The first 2.2 miles were up a gravel road and luckily the grade was very doable on my bike. I had to stand a few times but mostly I just muscled it and there were even some flatter sections were I was spun and all the geared bikes would come roaring past me. This was kind of the pattern for the first half of the race; I would do well compared to the other riders on the climbs and then they would all rip past me in the big ring when the road or trail flattened out. But it was hard to keep track of how many people were in front of me... As we got close to the top of the road I could still just barely see the front of the bunch and thought to myself, "Man, I'm doing better than I thought!"

This course was RIPPING. 90% of it was double track and it was all pretty smooth so when the trail tipped downhill you could really fly. There were a couple of spots on the first lap where I scared myself. Like one bump in the trail where I caught some air and then there was a turn RIGHT IN FRONT OF ME. That or I would be hauling ass down some narrow path on the edge of steep slope and it would suddenly dawn on me that if I made a mistake I would go sailing a looooong way down that slope before I came to a stop. None of the climbs were terribly long and traction was ample. All systems were go as they say.

And then my back started to hurt. Rats.

Usually when my back starts to crap out it just gets worse. Sometimes it deteriorates slowly and sometimes it happens quickly. I was just 15 miles in and thinking to myself that this was going to be a long damn day if things got worse so I tried to relax my back, my grip on the bars and hoped for the best. And damn if it didn't slowly get better. Let's hear it for small miracles.

On the first lap it did not feel like I was passing people but I had passed quite a few on the dirt road climb to get to the trail. On the second lap I did notice that I passed a few people but a few passed me back too. The third lap was confusing as I was in the midst of the 30 mile racers who had started 30 minutes behind us. It wasn't until the fourth lap that I figured out I was doing well.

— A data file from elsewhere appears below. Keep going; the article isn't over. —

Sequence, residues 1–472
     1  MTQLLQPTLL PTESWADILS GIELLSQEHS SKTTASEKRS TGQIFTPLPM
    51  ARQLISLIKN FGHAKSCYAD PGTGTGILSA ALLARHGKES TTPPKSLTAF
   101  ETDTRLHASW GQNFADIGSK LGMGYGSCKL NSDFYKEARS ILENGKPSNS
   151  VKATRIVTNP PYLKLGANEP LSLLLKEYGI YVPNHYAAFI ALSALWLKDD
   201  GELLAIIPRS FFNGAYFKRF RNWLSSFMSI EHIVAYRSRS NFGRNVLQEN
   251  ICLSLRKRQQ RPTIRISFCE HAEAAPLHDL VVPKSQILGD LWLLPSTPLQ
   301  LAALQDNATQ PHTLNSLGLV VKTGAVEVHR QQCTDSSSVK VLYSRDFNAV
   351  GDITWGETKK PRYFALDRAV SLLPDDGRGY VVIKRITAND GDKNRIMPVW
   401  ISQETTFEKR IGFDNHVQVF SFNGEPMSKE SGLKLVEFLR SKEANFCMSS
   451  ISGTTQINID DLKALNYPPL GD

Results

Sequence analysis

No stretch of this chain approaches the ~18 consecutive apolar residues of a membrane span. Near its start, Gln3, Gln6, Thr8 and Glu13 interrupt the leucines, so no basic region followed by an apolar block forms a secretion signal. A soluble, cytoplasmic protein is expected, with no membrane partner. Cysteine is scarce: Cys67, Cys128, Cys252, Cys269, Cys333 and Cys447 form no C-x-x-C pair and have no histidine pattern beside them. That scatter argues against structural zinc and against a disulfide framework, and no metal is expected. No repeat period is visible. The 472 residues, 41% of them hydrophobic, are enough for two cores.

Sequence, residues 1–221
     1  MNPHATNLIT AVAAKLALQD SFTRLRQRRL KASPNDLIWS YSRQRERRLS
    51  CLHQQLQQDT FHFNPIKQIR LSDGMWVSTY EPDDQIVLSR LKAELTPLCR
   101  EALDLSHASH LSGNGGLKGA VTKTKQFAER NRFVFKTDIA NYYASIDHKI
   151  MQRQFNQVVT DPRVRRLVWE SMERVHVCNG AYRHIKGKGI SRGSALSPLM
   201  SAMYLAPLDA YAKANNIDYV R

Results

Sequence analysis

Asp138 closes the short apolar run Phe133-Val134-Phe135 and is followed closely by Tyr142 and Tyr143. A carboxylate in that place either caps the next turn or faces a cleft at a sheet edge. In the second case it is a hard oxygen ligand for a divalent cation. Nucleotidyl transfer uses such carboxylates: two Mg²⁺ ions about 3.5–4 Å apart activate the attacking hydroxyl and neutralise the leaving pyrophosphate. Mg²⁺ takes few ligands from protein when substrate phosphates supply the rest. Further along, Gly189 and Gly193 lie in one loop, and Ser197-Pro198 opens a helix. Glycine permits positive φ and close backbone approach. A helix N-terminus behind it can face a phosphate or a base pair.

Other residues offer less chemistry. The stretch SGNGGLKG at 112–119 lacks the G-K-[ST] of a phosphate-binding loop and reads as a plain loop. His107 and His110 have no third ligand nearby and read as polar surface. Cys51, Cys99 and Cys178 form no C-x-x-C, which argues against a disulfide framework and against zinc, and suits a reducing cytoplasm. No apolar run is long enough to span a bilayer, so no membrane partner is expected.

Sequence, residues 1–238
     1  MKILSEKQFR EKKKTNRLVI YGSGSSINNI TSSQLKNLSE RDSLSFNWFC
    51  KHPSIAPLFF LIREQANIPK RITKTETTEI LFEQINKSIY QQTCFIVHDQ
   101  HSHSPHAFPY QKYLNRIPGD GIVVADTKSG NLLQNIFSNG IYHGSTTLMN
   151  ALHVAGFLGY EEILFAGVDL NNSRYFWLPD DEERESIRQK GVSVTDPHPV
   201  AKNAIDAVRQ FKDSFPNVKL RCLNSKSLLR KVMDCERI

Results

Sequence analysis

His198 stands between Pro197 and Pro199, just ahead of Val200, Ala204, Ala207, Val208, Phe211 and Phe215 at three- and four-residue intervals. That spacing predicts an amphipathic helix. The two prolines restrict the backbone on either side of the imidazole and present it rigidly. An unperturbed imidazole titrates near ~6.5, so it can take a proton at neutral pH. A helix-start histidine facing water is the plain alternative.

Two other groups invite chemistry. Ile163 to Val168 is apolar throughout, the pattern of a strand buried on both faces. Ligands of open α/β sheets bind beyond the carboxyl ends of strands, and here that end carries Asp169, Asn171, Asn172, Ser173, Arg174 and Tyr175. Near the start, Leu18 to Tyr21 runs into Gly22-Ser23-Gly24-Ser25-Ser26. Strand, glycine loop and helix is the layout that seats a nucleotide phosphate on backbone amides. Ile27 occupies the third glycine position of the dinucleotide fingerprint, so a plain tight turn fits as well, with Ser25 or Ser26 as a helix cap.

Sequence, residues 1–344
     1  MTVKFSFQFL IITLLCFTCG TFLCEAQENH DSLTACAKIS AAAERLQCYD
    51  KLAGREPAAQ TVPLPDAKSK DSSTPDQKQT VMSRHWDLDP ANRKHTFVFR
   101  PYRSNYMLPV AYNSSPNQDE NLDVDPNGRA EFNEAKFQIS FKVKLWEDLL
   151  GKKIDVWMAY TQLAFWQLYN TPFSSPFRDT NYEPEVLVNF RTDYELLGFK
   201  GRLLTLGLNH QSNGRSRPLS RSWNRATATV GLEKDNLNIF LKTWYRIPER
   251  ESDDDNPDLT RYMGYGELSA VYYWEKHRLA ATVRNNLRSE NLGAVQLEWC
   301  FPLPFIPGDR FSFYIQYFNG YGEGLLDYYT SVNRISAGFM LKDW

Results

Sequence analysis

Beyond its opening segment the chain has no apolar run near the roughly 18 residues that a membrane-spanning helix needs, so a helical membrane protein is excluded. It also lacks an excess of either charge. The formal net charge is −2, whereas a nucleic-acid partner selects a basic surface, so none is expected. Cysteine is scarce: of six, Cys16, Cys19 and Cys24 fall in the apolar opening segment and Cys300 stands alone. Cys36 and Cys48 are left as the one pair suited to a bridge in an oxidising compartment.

I had kept an eye out for the other single speed bikes. I figured trying to keep up with the geared bikes was a lost cause so once I figured out that the guy in yellow (for example) was on a single speed I kept my eyes peeled for yellow. On the fourth lap said yellow jersey suddenly came into view.

All the events in this NW Epic Series are VERY well supported. So well in fact that you don't need to carry anything except maybe one bottle. My massive CamelBak made me feel kinda out of place but it did contain my pump and tubes, etc. so I tried not to be too jealous as I saw riders with practically nothing in their jersey pockets and no pack at all.

I rode the first lap non-stop but then would pull over all the aid stations, there were two in each lap. Every time I grabbed something to drink and shoved food in my mouth all the other bikes would pull away. Once I got going again I would slowly reel them in. During this last lap I finally managed to leap frog past yellow jersey. At the last aid station (10 miles from the finish) I even managed to pull out as I saw him approaching so that was extra incentive to push the pace.